After taking Wake Forest to five straight bowl games but never winning more than eight games in a season, Dave Clawson broke through in 2021: an AP top-10 ranking, an ACC Atlantic Division title and 11 wins, including the Gator Bowl. The Deacons again return players with starting experience at almost every position and add transfer Kobie Turner, an FCS second-team All-American at defensive tackle. Clawson has changed the perception of a program with a lengthy losing tradition.
"People now when they play Wake Forest have a little more respect for who we are and what we've done," Clawson says. "There's been times we've been able to beat people who maybe didn't take us seriously. Those days are probably over."
The offense commands respect under coordinator Warren Ruggiero, averaging at least 30 points a game in each season since 2017. Last year, the Deacons averaged 41 points per game, fourth in the nation. The defense struggled to keep up, finishing 88th in scoring and 111th against the run. The Deacons hung on with a big-play approach: tied for fifth in turnovers gained and tied for 17th in tackles for a loss. Clawson brought in Brad Lambert, a former WFU assistant under Jim Grobe, from Purdue to run this year's defense, as well as adding two new assistants.
Previewing Wake Forest's Offense for 2022
The Deacons lose their top rusher and lineman, but there's little reason to believe that those losses will slow down this juggernaut. Two players who missed last season because of injury will return in receiver Donavon Greene and lineman Je'Vionte' Nash. In the last two games Greene played in 2020, he caught 14 passes for 292 yards and two touchdowns. Nash, a seventh-year senior, will move from right to left tackle. The other four offensive linemen — led by third-team All-ACC guard Sean Maginn — started all but one game last year and have 90 career starts total. As the rest of the offense, finding depth will be a key.
Quarterback Sam Hartman has plenty of experience with making decisions in Ruggerio's long mesh-point attack, and his improved running ability opened up the passing game. Hartman was third in the nation in points responsible for and threw for 4,228 yards, the sixth most in ACC history. Hartman has struggled in key moments, however. In 2020, he imploded in the final two games, and last season, against UNC, NC State and Pittsburgh, he completed fewer than 50 percent of his passes and threw nine interceptions.
Hartman found the 6'5" A.T. Perry 71 times last year, and his pairing with Greene should be explosive on the outside. Wake Forest makes stars out of slot receivers, and Taylor Morin (43 catches) will move inside, backed by breakout candidate Ke'Shawn Williams (27).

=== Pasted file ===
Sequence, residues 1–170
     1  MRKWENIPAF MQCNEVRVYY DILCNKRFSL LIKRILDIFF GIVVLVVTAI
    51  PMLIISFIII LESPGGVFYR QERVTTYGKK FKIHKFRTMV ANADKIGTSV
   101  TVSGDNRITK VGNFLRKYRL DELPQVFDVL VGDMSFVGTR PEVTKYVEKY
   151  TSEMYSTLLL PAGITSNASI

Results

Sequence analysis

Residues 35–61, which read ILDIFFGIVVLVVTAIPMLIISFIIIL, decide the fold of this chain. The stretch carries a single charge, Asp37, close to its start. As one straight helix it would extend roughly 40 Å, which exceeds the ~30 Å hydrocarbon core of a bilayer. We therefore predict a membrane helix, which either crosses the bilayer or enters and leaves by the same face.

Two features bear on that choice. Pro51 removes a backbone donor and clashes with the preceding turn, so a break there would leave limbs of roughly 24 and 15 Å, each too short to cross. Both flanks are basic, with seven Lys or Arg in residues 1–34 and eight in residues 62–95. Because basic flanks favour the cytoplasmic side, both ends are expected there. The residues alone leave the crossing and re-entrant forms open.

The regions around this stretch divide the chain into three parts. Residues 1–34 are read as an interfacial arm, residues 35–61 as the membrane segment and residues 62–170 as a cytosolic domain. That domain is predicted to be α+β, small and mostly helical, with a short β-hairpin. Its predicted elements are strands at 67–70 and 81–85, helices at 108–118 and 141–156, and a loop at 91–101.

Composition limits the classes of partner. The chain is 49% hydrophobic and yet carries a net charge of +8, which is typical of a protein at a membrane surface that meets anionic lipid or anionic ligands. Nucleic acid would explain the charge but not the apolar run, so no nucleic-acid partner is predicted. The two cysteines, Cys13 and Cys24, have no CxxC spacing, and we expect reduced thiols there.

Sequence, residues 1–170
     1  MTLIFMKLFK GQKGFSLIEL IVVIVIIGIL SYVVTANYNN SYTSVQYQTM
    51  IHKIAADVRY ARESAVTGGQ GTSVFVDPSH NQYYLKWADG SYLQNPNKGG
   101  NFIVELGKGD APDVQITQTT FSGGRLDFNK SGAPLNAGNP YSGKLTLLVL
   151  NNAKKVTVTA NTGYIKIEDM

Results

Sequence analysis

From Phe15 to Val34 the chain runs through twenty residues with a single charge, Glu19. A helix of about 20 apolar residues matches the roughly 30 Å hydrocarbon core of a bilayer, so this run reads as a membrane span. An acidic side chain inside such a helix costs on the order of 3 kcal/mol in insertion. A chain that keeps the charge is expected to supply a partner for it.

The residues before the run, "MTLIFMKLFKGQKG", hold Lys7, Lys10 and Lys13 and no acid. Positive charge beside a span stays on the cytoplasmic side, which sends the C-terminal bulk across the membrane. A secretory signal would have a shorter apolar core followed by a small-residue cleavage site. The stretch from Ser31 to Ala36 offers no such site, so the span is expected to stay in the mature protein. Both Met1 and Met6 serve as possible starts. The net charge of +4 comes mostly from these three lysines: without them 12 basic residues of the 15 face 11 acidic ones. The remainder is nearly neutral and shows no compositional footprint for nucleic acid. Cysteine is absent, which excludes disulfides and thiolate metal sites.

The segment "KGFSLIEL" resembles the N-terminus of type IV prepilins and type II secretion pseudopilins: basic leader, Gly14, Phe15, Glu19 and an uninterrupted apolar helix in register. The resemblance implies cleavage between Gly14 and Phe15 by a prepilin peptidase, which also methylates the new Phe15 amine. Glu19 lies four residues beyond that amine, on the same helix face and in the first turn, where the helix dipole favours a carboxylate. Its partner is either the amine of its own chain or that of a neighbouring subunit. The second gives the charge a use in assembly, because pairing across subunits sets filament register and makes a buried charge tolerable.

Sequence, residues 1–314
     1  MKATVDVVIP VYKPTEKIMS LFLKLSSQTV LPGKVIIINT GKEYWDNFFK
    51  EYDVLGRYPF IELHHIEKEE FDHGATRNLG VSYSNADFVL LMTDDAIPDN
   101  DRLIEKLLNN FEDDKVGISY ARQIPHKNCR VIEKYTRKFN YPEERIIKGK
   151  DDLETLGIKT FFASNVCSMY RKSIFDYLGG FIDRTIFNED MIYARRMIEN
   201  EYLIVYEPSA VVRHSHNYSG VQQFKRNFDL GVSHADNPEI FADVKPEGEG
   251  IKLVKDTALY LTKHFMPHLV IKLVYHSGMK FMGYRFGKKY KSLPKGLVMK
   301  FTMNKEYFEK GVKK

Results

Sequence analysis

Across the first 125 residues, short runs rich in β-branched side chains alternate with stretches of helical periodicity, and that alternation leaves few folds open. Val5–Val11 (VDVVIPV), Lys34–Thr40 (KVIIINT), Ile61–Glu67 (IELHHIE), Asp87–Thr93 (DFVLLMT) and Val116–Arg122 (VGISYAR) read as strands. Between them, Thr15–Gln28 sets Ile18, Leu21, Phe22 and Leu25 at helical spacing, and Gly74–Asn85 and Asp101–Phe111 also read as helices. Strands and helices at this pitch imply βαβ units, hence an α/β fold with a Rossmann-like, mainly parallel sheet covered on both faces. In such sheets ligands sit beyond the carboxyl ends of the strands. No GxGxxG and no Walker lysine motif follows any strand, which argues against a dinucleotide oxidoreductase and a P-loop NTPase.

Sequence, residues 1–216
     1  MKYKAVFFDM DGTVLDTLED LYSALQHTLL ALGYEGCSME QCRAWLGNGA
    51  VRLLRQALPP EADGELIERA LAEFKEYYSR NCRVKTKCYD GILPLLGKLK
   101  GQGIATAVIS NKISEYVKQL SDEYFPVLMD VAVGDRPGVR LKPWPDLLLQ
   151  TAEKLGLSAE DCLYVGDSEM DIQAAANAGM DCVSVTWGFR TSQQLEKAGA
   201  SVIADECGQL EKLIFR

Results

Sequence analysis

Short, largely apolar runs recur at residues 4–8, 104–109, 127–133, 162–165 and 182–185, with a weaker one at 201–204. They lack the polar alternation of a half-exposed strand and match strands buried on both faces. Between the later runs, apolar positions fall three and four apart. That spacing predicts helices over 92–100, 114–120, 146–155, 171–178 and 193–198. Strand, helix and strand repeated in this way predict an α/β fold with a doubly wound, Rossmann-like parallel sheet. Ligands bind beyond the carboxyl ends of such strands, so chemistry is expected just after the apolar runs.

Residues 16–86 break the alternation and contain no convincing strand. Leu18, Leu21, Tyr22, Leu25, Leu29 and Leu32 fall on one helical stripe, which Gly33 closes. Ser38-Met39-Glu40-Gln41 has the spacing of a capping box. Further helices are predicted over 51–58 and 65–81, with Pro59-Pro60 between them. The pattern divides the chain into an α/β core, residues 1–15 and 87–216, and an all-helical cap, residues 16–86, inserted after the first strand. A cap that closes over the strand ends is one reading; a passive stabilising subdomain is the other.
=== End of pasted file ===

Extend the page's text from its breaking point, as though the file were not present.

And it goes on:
The backfield will be a committee approach again, led by Justice Ellison (5.1 yards per carry) and Christian Turner, who both gained more than 500 yards last season. The Deacons finally returned to using the tight end as a receiving threat last year, as Brandon Chapman and Blake Whiteheart combined for 27 catches and six touchdowns. WFU will miss the departed Chapman's blocking and needs to find Whiteheart's backup.
Previewing Wake Forest's Defense for 2022
Lambert inherits a defense that allowed 42 or more points five times, although it did create 29 turnovers. The Deacons struggled at the second level, especially against the run, and that linebacker unit is full of question marks again. Ryan Smenda Jr. (83 tackles) and Chase Jones (47) return, but they will have to be faster to the ball. There's little experience behind them, and the rover position will be up for grabs. Wake Forest hopes former Navy transfer Chelen Garnes can emerge.
Disruptive end Rondell Bothroyd was a glaring omission from the All-ACC teams. The other end spot is a question mark, though: Jasheen Davis — who received significant Power 5 attention as a recruit — showed flashes (8.5 tackles for a loss) but was inconsistent in his first full year, and oft-injured Jacorey Johns hasn't lived up to his potential.
The secondary lost a lot of talent but, if it can stay healthy, still has a chance to be good. At corner, Gavin Holmes and Caelen Carson are both emerging stars, and safety Malik Mustapha showed big-play ability as a true freshman. Former walk-on Nick Andersen had a disappointing year after a strong 2020.
Previewing Wake Forest's Specialists for 2022
Redshirt freshman Matthew Dennis will have the difficult job of filling the kicking shoe of Nick Sciba, one of the best kickers in college football history. Punter Ivan Mora is recovering from a leg injury suffered in the Gator Bowl but is expected to be ready for the season and could be one of the ACC's best. Wake Forest's return units have gone from bad to solid over the last two years, led by punt returner Morin. A healthy Greene could add a threat on kickoffs.
Another eight-win season and a bowl game seem probable, and if a few breaks fall the Deacons' way, another challenge for the Atlantic title as well. But injuries always seem to be an issue for the Deacons late in the season, and this team is searching for depth across almost every unit. Clawson will have to hope some younger players develop quickly. The offense should be at the top of the league again, so the key will be whether Lambert can improve the defense and keep the turnovers coming.
National Ranking: 16
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